Alabama Sen. Jeff Sessions said the leaked hot mic video that shows Republican presidential candidate Donald Trump making lewd comments about women is not a “disqualifying event.”
Trump surrogates spent a second day trying to turn the story from what Trump said to what Democratic presidential nominee Hillary Clinton did as others in the GOP turned away from their party’s standard-bearer.
Sessions, among Trump’s inner circle, told “Fox and Friends” on Sunday that reports of his advising Trump to get out of the race are not true.
“Somebody reported that I advised him to pull out. That is not so,” Sessions said. “What is to me being overlooked is the power of the WikiLeaks on Hillary Clinton.”
Sessions and former New York City Mayor Rudy Giuliani were two lonely surrogates trying to minimize the damage from the video, which was recorded in 2005, ahead of Sunday night’s town hall-style presidential debate, the second of three face-to-face encounters between Trump and Clinton.
Giuliani was filling in for Republican National Committee Chairman Reince Priebus, Trump campaign manager Kellyanne Conway and transition team leader New Jersey Gov. Chris Christie after they cancelled their appearances. He condemned Trump’s remarks, but the former prosecutor seemed to acknowledge that the actions Trump referenced constituted sexual assault.
Asked by ABC’s “This Week” host George Stephanopoulos to address whether what Trump talks about in the tape is sexual assault, Giuliani responded: “That’s what he’s talking about. You know, whether it happened or not, I don’t know.”
Rudy Giuliani on whether Trump was describing sexual assault on 2005 audio: “That’s what he was talking about” https://t.co/0xrtllD7rt
— This Week (@ThisWeekABC) October 9, 2016
The line that was emerging among Trump surrogates is that the billionaire is a different man now than he was in 2005, having heard voters’ concerns as he campaigned across the country.
“That was then and this is now. And he’s gone through 14 months of running for president. And, as you know, running for president does something to you. It changes a lot of the way you look at things, it changes a lot of the way in which you behave,” Giuliani told ABC.
“And it puts a heavy responsibility on your shoulder — in this case, for roughly half the American people, who believe that he’s the one who can change America and his opponent is the person who will keep it the same or make it worse.”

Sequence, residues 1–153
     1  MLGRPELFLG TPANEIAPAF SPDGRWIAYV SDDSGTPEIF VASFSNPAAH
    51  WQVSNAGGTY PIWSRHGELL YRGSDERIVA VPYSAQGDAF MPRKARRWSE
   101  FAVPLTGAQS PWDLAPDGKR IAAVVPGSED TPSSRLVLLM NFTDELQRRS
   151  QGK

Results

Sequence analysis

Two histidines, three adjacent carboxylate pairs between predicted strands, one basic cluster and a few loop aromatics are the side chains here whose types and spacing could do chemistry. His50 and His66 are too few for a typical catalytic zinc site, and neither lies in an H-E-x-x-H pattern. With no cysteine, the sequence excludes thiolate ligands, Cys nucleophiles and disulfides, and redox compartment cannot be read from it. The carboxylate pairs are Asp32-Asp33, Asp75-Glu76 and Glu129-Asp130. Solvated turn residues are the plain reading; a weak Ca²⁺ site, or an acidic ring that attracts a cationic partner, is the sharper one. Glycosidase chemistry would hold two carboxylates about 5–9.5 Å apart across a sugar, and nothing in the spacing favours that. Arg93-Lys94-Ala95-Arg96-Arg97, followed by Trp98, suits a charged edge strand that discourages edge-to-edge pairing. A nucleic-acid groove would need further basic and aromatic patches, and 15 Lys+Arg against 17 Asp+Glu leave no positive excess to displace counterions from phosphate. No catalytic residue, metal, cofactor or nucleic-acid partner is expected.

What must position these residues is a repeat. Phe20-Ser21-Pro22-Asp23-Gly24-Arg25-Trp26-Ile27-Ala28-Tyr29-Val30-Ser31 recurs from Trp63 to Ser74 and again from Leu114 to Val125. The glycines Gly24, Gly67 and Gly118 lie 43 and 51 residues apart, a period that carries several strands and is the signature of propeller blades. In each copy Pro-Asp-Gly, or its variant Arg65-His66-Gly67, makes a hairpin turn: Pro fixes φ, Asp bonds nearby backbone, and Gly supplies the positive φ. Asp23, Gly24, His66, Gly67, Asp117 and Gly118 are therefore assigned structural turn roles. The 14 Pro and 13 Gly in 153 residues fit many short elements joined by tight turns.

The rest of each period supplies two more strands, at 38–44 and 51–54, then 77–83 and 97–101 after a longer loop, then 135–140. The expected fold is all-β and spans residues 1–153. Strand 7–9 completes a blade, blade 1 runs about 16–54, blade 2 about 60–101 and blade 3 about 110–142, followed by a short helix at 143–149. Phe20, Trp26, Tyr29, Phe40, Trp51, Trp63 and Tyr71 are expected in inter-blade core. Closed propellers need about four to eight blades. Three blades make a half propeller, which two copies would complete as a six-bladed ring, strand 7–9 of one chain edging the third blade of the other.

Giuliani and Sessions both tried to remind viewers of the latest dump by WikiLeaks, which showed Clinton telling bankers of her vision for open borders and open trade. That story has been largely overshadowed by the Trump tape.
“I mean, if this hadn’t happened, the whole story you would be asking me about is the WikiLeaks and the fact that Hillary Clinton makes it clear to the bankers that she says one thing to them, which is she’s on their side and she’s with them and they’re paying her a lot of money but then she’s got to say something else, you know, publicly,” Giuliani said.
“Had that come out during the Democratic primary, Bernie Sanders would now be the candidate.”
Asked about the excerpts, Democratic National Committee interim Chairwoman Donna Brazile refused to speculate on whether they were authentic or not.
— This Week (@ThisWeekABC) October 9, 2016
“George, when you see something postmarked from Russia, you should be afraid to open up the document,” she told Stephanopoulos. Democrats have charged Russia with being behind hacks into Democratic groups and the Clinton campaign. On Friday, the White House condemned Russia for trying to manipulate the election.
“I refuse to open these documents,” Brazile said. “I refuse to allow a foreign government to interfere and meddle and manipulate information. So I don’t know if it’s true or not true … They have been, as you know, selectively leaking and manipulating documents.”
Clinton’s running mate, Virginia Sen. Tim Kaine, also said he didn’t know if the leaks were authentic.
“Anybody who hacks in to get documents is completely capable of manipulating them,” Kaine told CNN’s Jake Tapper on “State of the Union.”
Kaine said Clinton’s criteria for trade policy is “Do they increase American jobs, do they increase American wages, and are they good for national security?”